More than two dozen Madagascans have died and tens of thousands have been left homeless since a severe tropical cyclone made landfall last week and swirled for days off the island’s western coast, official records show.
Cyclone Cheneso smashed into northeastern Madagascar 10 days ago, bringing strong winds and triggering downpours that have caused extensive flooding.
Over the week it tracked southeastwards, extending damage to houses, and schools and cutting off several national roads.
Twenty-five people are now known to have died and 21 others are still missing, according to an update from Madagascar’s Office for Risk and Disaster Management on Sunday.
At least 83,181 people have been affected, with nearly 38,000 displaced from their homes.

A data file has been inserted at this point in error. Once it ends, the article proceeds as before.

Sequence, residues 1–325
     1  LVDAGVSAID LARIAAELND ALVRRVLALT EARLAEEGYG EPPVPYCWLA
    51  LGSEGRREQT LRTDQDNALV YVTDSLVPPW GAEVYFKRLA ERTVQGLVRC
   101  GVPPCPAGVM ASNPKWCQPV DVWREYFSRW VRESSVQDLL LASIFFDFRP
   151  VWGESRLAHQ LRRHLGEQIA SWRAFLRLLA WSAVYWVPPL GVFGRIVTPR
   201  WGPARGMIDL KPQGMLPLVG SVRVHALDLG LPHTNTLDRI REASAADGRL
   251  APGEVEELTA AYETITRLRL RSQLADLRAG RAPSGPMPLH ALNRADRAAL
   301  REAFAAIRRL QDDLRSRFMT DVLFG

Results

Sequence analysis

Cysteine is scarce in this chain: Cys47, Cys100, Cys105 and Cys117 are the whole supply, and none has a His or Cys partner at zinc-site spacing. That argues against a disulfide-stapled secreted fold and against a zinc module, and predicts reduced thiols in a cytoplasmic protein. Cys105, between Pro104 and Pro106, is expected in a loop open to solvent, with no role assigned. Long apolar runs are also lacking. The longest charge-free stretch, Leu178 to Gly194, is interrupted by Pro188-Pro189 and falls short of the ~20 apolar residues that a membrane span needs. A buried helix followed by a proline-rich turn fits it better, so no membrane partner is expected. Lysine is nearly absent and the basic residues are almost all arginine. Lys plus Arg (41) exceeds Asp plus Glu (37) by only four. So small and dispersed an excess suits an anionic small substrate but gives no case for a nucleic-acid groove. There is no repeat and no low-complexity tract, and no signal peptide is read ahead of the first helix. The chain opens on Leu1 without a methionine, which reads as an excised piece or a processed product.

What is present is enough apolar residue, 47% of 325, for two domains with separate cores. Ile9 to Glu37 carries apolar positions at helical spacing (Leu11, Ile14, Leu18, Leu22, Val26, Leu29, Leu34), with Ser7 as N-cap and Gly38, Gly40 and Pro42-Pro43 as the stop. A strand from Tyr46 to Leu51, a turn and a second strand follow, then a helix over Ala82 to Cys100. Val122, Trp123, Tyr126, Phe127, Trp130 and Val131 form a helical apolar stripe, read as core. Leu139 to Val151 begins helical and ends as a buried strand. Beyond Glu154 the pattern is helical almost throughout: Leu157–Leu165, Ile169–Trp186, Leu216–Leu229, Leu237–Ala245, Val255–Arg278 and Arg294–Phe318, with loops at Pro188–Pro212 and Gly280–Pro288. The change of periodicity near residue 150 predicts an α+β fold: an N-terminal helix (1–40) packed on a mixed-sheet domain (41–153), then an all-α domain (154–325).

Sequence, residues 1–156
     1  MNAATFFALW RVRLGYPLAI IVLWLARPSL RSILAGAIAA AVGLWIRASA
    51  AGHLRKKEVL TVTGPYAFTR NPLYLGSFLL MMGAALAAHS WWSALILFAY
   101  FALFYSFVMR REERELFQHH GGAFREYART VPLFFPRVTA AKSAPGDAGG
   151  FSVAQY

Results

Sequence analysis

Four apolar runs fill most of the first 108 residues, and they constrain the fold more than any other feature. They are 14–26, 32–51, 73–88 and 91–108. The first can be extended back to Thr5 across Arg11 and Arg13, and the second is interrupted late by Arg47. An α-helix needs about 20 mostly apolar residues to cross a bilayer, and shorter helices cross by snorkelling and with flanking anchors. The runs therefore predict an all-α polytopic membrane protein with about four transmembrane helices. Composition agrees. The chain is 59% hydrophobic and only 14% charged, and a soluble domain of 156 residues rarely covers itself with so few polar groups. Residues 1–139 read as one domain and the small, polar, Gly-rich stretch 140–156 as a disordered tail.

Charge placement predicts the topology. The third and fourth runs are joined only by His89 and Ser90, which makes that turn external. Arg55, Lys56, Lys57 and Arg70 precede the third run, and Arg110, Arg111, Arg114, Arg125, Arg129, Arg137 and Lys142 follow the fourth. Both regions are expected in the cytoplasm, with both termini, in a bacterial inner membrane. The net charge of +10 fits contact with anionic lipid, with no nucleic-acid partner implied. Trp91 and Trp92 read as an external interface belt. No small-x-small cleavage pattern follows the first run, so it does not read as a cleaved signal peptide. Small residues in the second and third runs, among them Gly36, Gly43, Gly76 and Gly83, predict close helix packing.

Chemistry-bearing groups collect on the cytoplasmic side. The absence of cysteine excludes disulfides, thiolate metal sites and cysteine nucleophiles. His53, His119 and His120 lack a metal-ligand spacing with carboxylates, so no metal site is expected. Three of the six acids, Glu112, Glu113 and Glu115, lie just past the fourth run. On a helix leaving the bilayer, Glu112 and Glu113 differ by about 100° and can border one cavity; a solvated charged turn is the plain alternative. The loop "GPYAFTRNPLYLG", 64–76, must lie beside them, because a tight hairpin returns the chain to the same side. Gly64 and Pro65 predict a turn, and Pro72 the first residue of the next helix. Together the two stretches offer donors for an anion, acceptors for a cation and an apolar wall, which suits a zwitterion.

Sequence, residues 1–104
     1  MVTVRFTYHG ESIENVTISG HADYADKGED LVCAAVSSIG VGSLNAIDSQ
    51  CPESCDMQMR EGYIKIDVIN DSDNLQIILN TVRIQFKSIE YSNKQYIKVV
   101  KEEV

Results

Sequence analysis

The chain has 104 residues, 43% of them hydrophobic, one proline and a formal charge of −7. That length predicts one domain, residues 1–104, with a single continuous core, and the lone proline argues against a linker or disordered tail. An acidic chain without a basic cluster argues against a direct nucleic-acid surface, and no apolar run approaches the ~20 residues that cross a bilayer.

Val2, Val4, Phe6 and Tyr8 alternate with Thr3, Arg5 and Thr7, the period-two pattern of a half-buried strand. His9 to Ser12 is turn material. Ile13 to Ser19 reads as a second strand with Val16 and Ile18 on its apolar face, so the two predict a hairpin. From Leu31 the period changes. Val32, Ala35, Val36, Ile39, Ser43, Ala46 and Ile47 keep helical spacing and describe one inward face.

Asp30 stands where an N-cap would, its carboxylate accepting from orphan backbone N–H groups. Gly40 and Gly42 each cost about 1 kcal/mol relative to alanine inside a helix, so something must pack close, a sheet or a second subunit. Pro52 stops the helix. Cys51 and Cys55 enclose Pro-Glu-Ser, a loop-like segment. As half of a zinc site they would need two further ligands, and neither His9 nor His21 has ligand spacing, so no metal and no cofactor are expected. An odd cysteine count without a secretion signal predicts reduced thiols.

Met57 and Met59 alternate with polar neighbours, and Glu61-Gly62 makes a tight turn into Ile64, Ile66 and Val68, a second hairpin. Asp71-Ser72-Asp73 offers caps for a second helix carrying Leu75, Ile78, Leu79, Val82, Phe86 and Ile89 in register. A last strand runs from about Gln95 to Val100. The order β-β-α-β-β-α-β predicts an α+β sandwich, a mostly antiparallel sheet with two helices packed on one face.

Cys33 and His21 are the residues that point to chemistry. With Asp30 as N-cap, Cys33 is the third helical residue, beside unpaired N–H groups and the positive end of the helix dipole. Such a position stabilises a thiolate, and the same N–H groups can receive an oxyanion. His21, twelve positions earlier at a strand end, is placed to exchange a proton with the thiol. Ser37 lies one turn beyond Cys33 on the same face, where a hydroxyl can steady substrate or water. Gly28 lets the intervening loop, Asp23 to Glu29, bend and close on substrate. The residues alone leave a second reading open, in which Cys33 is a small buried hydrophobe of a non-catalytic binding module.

More than 23,600 houses were flooded and at least 500 others completely destroyed, the disaster management office said in an earlier update on Friday night.
Cheneso – which temporarily intensified to a tropical cyclone in recent days with winds of 118-166km per hour (73-103 miles per hour) – “has started to lose its purely tropical characteristic”, according to the Southwest Indian Ocean Regional Specialized Meteorological Centre based on the French overseas island of La Reunion.
Cheneso made landfall on January 19, packing winds of up to 110kmph (68.3mph).
It is the first tropical storm of the current cyclone season in Southern Africa – which typically runs from November to April – to hit the cyclone-prone large Indian Ocean island.
In recent years, Madagascar and Mozambique have been repeatedly hit by severe storms and cyclones that have destroyed homes, infrastructure and crops and displaced large numbers of people.
In January and February last year, four major storms hit Madagascar, killing at least 138 people, destroying 124,000 homes and displacing about 130,000 people.